The ride became a race. I thought that I could out-ride the storms to the south on the highways but they were scattered and stronger than expected. I gambled that I'd be able to make it on the farm roads -- there are few things so beautiful as rolling acres of farmland in the shadows before a storm. To the east, blue skies and sun kissed the landscape while the west was dark with rain. I punched south on I-74, chasing the gaps between storms and racing them to the hills, where the pressure changes seemed to cause the rain to cut out. The wind kicked up little swirls of leaves over the road, giving the air a charge and energy that only fueled the excitement of the ride. I remember tearing down the side of a steep hill, high on the thrill of at last reaching clean skies, and looking in the mirror to see nothing but dark sheets of rain behind me.

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The Journey Begins Again

The night before I left Newport, we had a real ripper of a thunderstorm pass through. By morning, all that was left to recall the violence of the previous evening were downed leaves and tree limbs beneath a gorgeous blue sky. It was the first sign of poor weather in almost a month - a fickle sort of omen before a long journey.

My first leg west included precious little of value"¦ Connecticut is a pass-through state whether you're taking 95 or not and you can't drive within 100 miles of New York City without suffering through the echoes of its crowding. It wasn't until I rolled into the Catskills that the pace of life seemed to settle a bit and the freedom of the road felt more real. The local accent is interesting and takes a minute to figure out; it sounds a bit like they've got a mouthful of bubblegum.

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Two Cylinders, Two Wheels and the Double Yellow Line

I:
I think I caught my first whiff of the romance of travel during a family road trip through the Southwest from which I can remember little but the hot dusty smell of desert air and a sense of the vastness of the world beyond the comforting woods of New England. It was an early memory in a growing chain that would eventually stretch from the glowing volcanoes of Hawaii to the old world restaurants of Italy to the gentle midnight sun above Sweden's northern horizon. I got comfortable living small in a foreign land and it became a hunger that followed me as I came of age and began to travel on my own.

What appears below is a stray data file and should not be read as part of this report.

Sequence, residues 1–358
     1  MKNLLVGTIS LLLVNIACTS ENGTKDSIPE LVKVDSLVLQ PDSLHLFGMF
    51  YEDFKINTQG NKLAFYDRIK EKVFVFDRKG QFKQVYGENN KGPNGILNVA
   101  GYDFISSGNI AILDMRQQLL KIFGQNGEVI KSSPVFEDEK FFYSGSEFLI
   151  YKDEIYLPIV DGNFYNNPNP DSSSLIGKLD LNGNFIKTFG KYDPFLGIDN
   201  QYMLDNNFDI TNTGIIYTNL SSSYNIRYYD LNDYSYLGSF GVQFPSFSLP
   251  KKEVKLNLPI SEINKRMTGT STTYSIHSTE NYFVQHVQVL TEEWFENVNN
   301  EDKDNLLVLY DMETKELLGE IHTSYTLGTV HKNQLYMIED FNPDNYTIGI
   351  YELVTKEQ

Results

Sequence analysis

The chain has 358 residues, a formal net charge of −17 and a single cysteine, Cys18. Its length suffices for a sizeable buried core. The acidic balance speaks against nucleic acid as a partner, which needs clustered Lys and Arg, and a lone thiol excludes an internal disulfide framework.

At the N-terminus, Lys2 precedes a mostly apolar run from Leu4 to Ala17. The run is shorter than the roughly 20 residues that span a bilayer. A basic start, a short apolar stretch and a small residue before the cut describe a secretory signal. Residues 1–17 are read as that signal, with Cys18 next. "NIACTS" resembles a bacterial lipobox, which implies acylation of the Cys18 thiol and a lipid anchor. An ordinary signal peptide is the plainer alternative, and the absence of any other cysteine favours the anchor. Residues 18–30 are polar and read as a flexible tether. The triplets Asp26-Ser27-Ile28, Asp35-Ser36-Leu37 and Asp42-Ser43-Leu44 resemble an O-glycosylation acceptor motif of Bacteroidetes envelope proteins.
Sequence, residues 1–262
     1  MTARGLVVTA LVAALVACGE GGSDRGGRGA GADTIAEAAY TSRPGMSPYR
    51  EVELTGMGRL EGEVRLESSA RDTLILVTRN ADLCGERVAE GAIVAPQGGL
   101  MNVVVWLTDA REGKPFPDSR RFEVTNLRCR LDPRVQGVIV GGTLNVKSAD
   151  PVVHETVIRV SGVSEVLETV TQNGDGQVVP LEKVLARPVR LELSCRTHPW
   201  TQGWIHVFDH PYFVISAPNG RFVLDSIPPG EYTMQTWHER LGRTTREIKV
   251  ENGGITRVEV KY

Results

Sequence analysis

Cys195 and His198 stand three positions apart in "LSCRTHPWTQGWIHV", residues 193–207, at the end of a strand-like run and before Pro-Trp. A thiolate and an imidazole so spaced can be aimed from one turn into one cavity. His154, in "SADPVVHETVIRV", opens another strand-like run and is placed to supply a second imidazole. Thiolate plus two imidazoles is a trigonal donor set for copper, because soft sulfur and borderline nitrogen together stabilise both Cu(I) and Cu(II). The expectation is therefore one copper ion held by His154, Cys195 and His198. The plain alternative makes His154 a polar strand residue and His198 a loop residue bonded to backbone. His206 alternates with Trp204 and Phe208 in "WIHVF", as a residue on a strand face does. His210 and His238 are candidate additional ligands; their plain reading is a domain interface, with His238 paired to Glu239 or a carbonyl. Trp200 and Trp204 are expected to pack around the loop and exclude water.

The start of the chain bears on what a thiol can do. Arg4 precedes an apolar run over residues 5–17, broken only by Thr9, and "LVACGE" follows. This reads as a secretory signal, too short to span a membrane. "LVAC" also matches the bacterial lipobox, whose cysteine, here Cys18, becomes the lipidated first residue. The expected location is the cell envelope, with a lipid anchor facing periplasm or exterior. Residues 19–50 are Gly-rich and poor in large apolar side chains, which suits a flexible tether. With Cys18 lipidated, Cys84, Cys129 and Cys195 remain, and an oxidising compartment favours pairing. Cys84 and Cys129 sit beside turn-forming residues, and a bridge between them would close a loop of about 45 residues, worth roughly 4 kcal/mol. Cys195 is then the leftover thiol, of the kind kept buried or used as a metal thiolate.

When I finished college, I celebrated by organizing a sailing trip through the Saronic Islands in Greece for myself and about a dozen others. A couple of my future roommates and I parlayed that into a three week Euro-trek where we managed to absorb a surprising amount of local culture in between run-ins with random acquaintances from back in the States.

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40% Chance of Rain

The last couple weeks have defined the term "busy" while I packed up the apartment, gave away or sold off a whole bunch of crap (including a car), and moved into a storage unit. My aspirations to spend the whole time coding were quickly dashed when the enormity of the move became clear. Aaah well, such is life. I'm just glad the hours of my youth that I wasted spent playing Tetris came in handy.

Houston is finally in the rear view mirror and my multi-month roundabout journey takes me east through New Orleans. The original plan to tow the motorcycle up to Newport was scrapped when it displayed an alarming lean around corners due to the rake of the front end.

Sometimes having studied mechanical engineering can be a problem. I was never the least bit hesitant about flying until I took a flight class in college and realized what was actually going on around the wings. In this recent case, I was seeing force diagrams in my head and watching the bike lean made me too uncomfortable to allow those stresses to occur over 4000 miles of driving. I guess my trust in the magic of things has been shaken since high school physics (thank you, Dr. Watt). So, Plan B: I put a couple of huge boxes in the mail, hid the Jeep strategically in one of Houston's many housing complexes, and took off on the bike.

This morning's forecast was for a 40% chance of rain. A 10-20% chance is often at best an afternoon drizzle but with 40-50% you can bet there are real storms crawling around out there somewhere. Figuring that you can locate a highway exit in time to pull out your rain gear if necessary is a rosy assumption in Louisiana, where the exits often have 10-15 miles of bayou causeways between them and the storms move faster than you do.

It doesn't get much truer than the old adage, "Hope for the best but prepare for the worst." My soaking gear says it like this: "To take on a 40% chance of precipitation, you'd better be ready to get 100% wet."